In team sports, where lengthy regular season schedules serve as the prelude to the arduous grind known as the playoffs, suffering a loss or two or 30 along the way isn’t uncommon.
Over an 80-game schedule, a .625 winning percentage is good for a top four seed in the second season, and home field advantage for at least one round of the playoffs. Getting invited to the dance is the first order of business, and from there, as long as you always win one more than the other guys, you can still emerge as the champions when everything is said and done.
In fighting, every loss matters.
Wins move you forward, leading to bigger paydays and higher profile opponents. More often than not, the only way to make it to the top is to win and win again, stacking up victory after victory until championship gold has been strapped around your waist.
You don’t get the opportunity to bounce back from last night’s unexpected defeat two days later. Instead, the pages on the calendar keep turning, and you’re given three, four, five months to think about what went wrong, yearning to get back into the cage and have your resume once again open with a win.
Over the first nine fights of his career, Stipe Miocic was near perfect.
He racked up nine straight wins, eight by way of stoppage, the final three of those victories coming on the biggest stage in the sport. Two years and three months into his career as a professional cage fighter, the Euclid, Ohio native was one of the top heavyweight prospects in the UFC; a fighter on the fast track towards the top of the division.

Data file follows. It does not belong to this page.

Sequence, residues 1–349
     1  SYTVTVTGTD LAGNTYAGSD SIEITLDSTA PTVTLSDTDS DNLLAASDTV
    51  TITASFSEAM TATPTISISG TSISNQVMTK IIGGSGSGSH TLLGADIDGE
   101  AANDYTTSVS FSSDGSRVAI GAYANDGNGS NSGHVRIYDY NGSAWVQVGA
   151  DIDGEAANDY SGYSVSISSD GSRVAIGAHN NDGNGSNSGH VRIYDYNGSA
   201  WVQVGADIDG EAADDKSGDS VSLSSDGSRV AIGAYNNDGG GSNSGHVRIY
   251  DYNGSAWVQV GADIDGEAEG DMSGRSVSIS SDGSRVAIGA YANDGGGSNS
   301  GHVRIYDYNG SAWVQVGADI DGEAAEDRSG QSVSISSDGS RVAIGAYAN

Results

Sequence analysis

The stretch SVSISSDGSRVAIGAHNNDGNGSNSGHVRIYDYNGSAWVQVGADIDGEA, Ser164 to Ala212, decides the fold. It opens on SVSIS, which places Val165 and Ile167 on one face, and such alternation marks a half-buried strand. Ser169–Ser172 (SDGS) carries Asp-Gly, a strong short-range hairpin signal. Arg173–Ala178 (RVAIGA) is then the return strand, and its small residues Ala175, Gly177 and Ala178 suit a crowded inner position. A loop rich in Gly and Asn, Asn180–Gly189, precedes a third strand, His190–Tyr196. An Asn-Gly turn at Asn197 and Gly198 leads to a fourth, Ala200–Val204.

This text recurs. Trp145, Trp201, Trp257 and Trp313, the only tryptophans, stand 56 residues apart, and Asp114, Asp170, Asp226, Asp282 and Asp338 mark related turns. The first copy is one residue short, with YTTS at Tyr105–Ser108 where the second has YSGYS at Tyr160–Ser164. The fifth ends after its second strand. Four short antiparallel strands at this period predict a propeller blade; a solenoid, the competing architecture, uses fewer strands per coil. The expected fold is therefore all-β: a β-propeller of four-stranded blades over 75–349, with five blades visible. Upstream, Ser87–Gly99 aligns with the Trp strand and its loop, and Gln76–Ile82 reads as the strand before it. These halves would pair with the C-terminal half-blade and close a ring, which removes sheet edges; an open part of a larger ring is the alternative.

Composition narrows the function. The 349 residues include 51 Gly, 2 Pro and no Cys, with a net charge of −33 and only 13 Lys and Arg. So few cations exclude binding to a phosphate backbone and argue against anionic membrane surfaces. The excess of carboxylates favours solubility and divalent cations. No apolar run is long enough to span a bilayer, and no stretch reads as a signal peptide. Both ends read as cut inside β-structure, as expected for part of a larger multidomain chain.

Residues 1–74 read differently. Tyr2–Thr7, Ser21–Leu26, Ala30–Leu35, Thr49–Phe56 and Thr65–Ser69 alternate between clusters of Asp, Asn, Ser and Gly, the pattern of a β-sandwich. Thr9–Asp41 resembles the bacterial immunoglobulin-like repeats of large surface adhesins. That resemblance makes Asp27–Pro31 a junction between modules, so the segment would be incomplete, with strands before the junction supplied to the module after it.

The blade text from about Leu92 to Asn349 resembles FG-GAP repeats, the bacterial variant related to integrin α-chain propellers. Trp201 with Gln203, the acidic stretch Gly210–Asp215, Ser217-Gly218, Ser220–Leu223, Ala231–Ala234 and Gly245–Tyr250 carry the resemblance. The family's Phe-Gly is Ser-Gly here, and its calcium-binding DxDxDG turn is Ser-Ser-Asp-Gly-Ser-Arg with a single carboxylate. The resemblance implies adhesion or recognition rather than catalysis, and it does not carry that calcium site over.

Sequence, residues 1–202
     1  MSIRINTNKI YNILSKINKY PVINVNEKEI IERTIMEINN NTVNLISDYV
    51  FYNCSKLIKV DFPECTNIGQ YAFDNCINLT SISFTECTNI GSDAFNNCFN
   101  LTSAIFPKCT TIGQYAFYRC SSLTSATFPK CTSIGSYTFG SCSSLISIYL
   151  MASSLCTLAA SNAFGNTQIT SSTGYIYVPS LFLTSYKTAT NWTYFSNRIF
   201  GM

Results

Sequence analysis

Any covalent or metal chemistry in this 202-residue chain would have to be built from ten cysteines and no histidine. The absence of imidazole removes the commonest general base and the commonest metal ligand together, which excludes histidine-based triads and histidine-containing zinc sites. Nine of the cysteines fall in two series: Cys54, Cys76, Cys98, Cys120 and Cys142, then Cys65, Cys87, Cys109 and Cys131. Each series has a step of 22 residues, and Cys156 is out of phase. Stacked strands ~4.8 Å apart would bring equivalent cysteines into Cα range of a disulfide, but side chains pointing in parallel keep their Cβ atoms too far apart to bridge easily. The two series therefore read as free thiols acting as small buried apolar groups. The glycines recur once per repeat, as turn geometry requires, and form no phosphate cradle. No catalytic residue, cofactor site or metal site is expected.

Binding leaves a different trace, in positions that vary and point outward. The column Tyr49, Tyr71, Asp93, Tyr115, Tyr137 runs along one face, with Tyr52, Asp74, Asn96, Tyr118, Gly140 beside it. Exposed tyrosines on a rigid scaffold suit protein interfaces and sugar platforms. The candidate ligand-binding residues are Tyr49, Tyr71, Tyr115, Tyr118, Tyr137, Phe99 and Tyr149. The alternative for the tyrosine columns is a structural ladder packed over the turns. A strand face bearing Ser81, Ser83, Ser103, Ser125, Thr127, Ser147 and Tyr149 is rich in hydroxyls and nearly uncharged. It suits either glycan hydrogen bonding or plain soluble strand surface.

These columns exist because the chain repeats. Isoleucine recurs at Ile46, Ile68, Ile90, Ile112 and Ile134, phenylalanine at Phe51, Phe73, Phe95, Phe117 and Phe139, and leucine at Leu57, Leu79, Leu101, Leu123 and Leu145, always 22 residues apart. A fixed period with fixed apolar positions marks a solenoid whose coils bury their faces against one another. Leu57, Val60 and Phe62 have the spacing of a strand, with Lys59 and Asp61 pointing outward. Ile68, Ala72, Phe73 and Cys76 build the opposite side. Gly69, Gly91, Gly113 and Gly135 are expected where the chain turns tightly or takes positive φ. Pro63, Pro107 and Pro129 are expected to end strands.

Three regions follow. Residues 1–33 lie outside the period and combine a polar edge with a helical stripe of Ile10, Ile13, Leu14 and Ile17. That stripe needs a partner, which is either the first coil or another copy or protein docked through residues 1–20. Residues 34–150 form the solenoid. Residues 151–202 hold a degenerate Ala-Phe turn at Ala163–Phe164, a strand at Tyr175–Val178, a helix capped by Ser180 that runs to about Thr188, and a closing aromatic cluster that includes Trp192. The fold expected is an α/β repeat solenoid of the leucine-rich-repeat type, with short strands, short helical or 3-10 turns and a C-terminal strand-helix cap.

After battling through a 15 minute grind with Joey Beltran in his promotional debut, Miocic made quick work of Phil De Fries in a battle of unbeaten competitors on the inaugural UFC on FUEL TV event in February 2012. Three months later, he joined the all-heavyweight main card cast at UFC 146, and for the second straight fight, he handed his opponent the first loss of their career as he dispatched Shane del Rosario with a series of elbows from mount.
The win positioned Miocic opposite another surging young talent, Stefan Struve, in the main event of September’s UFC on FUEL TV event in Nottingham, England. A seasoned UFC veteran despite being just 24 years old, the talented Dutch heavyweight was on a roll, having won four straight contests, and nine of 12 overall in the Octagon.
A 10th consecutive victory eluded Miocic.
A barrage of heavy shots from the long and powerful Struve shattered his unblemished record.
The progress he’d made in his previous three appearances in the Octagon was suddenly lost, and despite an impressive 9-1 record, a loss topped his list of appearances, and pressed pause on his climb up the heavyweight ladder.
“It has motivated me a lot more as a fighter, and pushed me to grow a lot more,” said Miocic of the setback he suffered against Struve last September in England. “I think you always grow, no matter what. Coming off that loss, I’ve grown a lot I think, and been working every day at what I need to get better.”